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Displaying XML in a Swing JTree

  • March 3, 2008
  • By Rob Lybarger
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Another minor thing to nail down relates to the nature of "pretty-printed" XML and the return value of a Node object's getChildNodes() method. (You might want to read my previous article that discusses this. The link is in the Overview section.) My design requirement is that I only want to show actual Element objects in the tree, not text nodes, comments, attributes, or other non-Element node types. To address this, a helper method is written to return a Vector of all the children of a given node that are specifically of the Element type:

private Vector<Element> getChildElements(Node node) {
   Vector<Element> elements = new Vector<Element>();
   NodeList list = node.getChildNodes();
   for (int i=0 ; i<list.getLength() ; i++) {
      if (list.item(i).getNodeType() == Node.ELEMENT_NODE) {
         elements.add( (Element) list.item(i));
      }
   }
   return elements;
}

You will see this method used in several of the implementation methods, which you can finally address. The first item of business is to keep track of the registered TreeModelListeners:

Vector<TreeModelListener> listeners =
   new Vector<TreeModelListener>();

public void addTreeModelListener(TreeModelListener listener) {
   if (!listeners.contains(listener)) {
      listeners.add(listener);
   }
}

public void removeTreeModelListener(TreeModelListener
   listener) {
   listeners.remove(listener);
}

For the next item, you need to provide the root node for the tree. This will be the root node of our document object, wrapped in the XMLTreeNode explained above:

public Object getRoot() {
   if (document==null) {
      return null;
   }
   Vector<Element> elements = getChildElements(document);
   if (elements.size() > 0) {
      return new XMLTreeNode( elements.get(0));
  }
   else {
      return null;
   }
}

Returning null is completely fine, and signals to the JTree object that there is nothing to be displayed. A quick safety check allows the JTree to function during initialization before the model is handed a Document to work with. (Failing to do this will generate NullPointerExceptions.)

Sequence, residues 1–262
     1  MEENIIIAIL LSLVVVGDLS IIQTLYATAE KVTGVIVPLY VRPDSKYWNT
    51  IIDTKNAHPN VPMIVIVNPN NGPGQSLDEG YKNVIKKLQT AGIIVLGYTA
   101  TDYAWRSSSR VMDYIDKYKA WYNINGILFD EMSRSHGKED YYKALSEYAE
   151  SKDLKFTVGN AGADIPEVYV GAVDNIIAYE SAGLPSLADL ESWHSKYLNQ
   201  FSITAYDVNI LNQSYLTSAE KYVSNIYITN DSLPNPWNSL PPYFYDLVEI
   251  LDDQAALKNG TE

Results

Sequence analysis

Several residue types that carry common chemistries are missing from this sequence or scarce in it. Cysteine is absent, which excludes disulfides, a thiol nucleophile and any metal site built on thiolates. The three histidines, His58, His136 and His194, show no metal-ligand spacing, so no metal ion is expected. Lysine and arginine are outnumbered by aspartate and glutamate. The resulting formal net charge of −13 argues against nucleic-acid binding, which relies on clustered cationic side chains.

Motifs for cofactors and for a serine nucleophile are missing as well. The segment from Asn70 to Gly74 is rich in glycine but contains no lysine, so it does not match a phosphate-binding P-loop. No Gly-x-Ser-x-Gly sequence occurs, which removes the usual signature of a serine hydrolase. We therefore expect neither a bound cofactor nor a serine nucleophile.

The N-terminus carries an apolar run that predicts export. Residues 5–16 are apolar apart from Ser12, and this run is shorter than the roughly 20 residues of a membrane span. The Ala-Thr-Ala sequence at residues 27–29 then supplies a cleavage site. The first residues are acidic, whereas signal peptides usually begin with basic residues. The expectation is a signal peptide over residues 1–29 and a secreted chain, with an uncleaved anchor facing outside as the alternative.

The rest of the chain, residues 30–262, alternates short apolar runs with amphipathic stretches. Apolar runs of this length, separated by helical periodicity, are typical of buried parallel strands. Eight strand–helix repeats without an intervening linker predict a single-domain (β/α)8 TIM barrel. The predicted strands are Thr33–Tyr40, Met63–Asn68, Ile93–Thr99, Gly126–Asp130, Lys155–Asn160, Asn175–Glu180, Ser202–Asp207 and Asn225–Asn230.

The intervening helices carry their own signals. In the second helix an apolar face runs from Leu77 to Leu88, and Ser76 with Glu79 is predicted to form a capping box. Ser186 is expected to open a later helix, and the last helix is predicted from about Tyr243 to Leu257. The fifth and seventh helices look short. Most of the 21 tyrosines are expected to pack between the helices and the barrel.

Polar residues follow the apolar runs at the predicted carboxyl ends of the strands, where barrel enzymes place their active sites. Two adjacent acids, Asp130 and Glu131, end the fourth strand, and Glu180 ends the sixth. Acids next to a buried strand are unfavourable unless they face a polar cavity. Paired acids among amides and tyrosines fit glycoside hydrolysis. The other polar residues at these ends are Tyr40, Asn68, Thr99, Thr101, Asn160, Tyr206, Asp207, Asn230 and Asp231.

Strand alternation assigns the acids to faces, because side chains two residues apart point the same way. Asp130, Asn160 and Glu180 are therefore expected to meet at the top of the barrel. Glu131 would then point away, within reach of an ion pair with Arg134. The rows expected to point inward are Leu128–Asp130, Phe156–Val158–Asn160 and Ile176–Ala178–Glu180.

Now that the tree has the root node, it will start asking for the number of child nodes under each node, and will ask for each of those child nodes in turn. The returned children objects will again be Element objects wrapped in an XMLTreeNode object.

public int getChildCount(Object parent) {
   if (parent instanceof XMLTreeNode) {
      Vector<Element> elements =
         getChildElements( ((XMLTreeNode)parent).getElement() );
      return elements.size();
   }
   return 0;
}

public Object getChild(Object parent, int index) {
   if (parent instanceof XMLTreeNode) {
      Vector<Element> elements =
         getChildElements( ((XMLTreeNode)parent).getElement() );
      return new XMLTreeNode( elements.get(index) );
   }
   else {
      return null;
   }
}

public int getIndexOfChild(Object parent, Object child) {
   if (parent instanceof XMLTreeNode &&
      child instanceof XMLTreeNode) {
      Element pElement = ((XMLTreeNode)parent).getElement();
      Element cElement = ((XMLTreeNode)child).getElement();
      if (cElement.getParentNode() != pElement) {
         return -1;
      }
      Vector<Element> elements = getChildElements(pElement);
       return elements.indexOf(cElement);
   }
   return -1;
}

Now, to inform the default table cell renderer which icon to draw for a given node, the follow method is consulted:

public boolean isLeaf(Object node) {
   if (node instanceof XMLTreeNode) {
      Element element = ((XMLTreeNode)node).getElement();
      Vector<Element> elements = getChildElements(element);
      return elements.size()==0;
   }
   else {
      return true;
   }
}




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